The major strengths of this study are the completeness of included samples and the unique data linkage. However, all epidemiological analyses were made retrospectively, which potentially limited the accuracy of the data available. As an example, our analysis of the geographical distribution of samples were based on the place of diagnosis, which does not necessarily reflect a person’s place of living or the complex intraregional travel patterns. Another major limitation in our analysis are potentially missing TB cases. First, undetected TB cases in the area could have resulted in underestimating Mtb transmission. Secondly, Mtb DNA could only be obtained from TB cases with microbiologically confirmed Mtb infection, of which the percentage was low. Thus, only two thirds of all notified TB cases were included in the study. However, almost all of the non-included TB cases were culture- and microscopy negative and therefore not likely to cause Mtb transmission to any greater extent.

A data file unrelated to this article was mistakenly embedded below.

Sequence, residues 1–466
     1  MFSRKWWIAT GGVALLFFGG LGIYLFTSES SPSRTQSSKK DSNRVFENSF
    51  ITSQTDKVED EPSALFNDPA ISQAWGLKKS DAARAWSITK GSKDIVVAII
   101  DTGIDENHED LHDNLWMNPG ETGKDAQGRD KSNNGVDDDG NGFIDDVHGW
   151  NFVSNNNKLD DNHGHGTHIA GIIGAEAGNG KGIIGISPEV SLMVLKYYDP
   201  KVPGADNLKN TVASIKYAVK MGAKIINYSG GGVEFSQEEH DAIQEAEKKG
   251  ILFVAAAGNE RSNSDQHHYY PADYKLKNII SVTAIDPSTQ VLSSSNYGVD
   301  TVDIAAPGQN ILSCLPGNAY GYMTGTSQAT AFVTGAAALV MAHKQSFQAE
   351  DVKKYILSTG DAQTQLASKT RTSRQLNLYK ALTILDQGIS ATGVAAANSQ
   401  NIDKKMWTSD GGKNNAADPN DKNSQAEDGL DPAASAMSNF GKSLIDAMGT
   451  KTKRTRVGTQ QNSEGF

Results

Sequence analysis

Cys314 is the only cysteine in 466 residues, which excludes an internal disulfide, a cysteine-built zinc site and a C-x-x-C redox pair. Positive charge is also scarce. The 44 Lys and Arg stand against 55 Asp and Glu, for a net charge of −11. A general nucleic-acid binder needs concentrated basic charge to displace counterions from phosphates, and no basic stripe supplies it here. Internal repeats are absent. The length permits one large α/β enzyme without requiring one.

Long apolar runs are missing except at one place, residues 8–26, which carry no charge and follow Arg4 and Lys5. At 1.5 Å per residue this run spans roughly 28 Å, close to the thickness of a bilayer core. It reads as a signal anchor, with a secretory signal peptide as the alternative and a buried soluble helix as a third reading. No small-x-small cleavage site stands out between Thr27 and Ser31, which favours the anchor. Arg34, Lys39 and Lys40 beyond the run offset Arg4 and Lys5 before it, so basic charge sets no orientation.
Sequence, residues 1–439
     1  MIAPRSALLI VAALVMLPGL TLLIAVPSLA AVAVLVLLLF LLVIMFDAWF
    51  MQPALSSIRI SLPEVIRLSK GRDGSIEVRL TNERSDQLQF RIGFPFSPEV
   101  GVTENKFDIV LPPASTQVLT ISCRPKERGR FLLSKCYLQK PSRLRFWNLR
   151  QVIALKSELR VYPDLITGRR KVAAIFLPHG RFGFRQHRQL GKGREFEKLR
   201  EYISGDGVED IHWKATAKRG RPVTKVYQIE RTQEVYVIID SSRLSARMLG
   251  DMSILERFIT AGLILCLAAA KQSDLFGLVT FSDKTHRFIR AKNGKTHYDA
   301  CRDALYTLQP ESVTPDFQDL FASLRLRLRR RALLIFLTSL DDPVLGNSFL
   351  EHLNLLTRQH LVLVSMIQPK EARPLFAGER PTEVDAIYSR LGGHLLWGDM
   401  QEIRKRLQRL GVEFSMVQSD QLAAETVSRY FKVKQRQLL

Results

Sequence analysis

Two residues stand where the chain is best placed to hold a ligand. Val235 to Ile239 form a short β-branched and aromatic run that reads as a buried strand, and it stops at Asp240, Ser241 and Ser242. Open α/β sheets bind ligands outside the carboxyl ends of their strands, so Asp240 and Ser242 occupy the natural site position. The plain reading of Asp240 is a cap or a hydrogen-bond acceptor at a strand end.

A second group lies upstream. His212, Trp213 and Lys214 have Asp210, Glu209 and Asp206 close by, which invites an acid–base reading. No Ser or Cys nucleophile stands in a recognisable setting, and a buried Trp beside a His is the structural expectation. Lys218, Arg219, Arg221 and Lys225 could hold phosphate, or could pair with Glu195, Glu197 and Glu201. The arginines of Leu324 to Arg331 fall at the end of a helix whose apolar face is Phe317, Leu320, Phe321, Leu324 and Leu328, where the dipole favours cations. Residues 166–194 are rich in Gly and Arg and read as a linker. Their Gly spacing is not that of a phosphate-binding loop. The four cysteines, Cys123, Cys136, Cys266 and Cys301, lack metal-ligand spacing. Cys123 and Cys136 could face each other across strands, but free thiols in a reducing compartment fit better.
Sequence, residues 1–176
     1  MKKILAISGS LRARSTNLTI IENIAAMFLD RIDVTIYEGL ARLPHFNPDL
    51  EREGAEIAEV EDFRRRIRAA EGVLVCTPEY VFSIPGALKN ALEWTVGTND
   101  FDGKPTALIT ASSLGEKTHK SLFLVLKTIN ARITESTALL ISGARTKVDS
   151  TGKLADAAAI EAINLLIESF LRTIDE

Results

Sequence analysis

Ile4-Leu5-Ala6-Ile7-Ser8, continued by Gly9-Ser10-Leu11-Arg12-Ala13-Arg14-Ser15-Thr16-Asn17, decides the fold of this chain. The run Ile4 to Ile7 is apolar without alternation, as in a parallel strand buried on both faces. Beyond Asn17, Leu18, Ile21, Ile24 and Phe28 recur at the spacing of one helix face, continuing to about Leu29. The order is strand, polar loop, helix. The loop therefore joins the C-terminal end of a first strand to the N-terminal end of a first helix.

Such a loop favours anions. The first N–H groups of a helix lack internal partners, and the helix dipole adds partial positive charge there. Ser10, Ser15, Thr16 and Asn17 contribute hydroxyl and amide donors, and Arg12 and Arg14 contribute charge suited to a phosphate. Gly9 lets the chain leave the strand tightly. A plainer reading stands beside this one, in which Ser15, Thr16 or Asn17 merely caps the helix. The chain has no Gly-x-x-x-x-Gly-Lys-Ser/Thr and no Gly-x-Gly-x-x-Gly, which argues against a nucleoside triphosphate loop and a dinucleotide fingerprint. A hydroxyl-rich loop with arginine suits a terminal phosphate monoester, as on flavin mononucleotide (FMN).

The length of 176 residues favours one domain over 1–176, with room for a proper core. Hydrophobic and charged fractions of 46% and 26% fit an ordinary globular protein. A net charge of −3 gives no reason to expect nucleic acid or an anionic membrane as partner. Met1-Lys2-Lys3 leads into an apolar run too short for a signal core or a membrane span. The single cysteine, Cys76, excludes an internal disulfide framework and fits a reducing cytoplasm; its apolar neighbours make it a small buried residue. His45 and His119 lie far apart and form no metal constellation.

In conclusion, the combination of WGS and epidemiological data provided a unique understanding of the clonal Mtb expansion in a remote, TB high incidence setting. Since TB in East Greenland in recent years is most likely caused by an Mtb strain introduced into the region within the last century, and subsequently reactivated and expanded during a period of lowered TB awareness, the study provides evidence of the consequences of even small interruptions in the TB control efforts in previously TB high incidence areas. This is an important message for Greenland as well as for similar settings worldwide. WGS can detect sub-clusters caused by scattered cases in a high incidence setting, thus paving the way for WGS-based surveillance for targeted public health action.